DNA mutates all the time. Sometimes this leads to no notable effect, but sometimes it provides an organism with a slight advantage (or disadvantage) over the rest of its species, such as better night vision or perhaps a thumb. Natural selection dictates that organisms with the most favourable traits are more likely to survive and reproduce, which over time causes a species to evolve new features and behaviours.

Coronaviruses save their genomic information in RNA instead of DNA. It’s a very similar structure, and in fact we humans also have RNA, although we use it as the “copy” stage in “copy and paste” when building new DNA strands in new cells. This is why RNA-based viruses can evolve at such a fast rate. COVID-19 is still mutating, and researchers have already found variations between hundreds of samples.

dna rna

COVID-19 most likely evolved in the wild (probably in bats, which have been studied for years for their potential to pass diseases into the human population). Because coronaviruses are zoonotic - which means they can be transmitted from animals to people - they infected people in China. The first cases, confirmed in December 2019, can be traced back to a seafood and animal market in Wuhan.

How Does Coronavirus Spread?

COVID-19 is spread by people (and animals) who have the virus. It’s not airborne, but rather is transmitted through droplets that hang briefly in the air when an infected person coughs, sneezes, or exhales. These droplets of course eventually land on surfaces/objects, and so it’s possible to catch COVID-19 if you touch a surface/object with the virus on it and then touch your eyes, nose or mouth.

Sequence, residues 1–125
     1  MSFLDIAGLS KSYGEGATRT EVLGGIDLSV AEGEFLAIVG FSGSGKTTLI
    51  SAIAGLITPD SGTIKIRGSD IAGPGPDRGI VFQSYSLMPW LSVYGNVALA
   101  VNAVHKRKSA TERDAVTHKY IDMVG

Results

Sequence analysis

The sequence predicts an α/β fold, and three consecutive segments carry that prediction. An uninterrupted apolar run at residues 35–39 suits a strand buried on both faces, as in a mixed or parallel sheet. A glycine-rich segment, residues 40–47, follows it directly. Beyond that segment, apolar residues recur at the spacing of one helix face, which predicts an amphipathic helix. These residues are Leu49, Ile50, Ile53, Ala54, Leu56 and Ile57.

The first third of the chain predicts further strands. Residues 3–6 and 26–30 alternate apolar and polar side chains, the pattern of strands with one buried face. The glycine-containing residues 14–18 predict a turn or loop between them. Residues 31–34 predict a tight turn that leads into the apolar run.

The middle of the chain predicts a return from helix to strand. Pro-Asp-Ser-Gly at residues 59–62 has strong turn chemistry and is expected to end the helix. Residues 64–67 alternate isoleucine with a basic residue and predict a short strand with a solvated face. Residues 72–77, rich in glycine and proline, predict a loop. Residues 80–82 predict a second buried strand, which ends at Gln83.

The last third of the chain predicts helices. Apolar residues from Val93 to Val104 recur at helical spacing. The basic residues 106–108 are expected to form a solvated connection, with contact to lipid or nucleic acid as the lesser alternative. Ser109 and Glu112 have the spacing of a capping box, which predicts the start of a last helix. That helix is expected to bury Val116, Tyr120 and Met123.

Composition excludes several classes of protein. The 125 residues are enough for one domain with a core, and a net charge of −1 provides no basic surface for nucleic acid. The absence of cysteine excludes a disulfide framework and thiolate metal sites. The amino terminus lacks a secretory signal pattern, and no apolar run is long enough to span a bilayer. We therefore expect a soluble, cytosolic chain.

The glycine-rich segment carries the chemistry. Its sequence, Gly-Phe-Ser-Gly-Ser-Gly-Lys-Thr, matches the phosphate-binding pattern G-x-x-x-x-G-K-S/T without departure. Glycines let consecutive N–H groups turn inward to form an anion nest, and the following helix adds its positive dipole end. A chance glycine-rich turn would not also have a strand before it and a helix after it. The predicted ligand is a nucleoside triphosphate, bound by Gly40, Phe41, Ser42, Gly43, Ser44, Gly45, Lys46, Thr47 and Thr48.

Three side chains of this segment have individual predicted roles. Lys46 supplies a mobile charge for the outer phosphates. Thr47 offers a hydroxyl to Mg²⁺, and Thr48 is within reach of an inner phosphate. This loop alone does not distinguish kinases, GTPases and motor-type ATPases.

If you were to look at any of the coronaviruses under a microscope, you’d see a blob of RNA (one long strand all folded up), surrounded by a fatty membrane, studded with little proteins that make it look like it’s wearing a crown. “Corona” is latin for “crown.” These spiky little proteins attach to cells in the host organism and inject the RNA into the cell, causing it to replicate the virus.

A brand new virus has the potential to spread across the entire human population, particularly as we live in such a globally connected community with the ability to travel long distances easily. Because one person can infect many more people, transmission speeds up exponentially.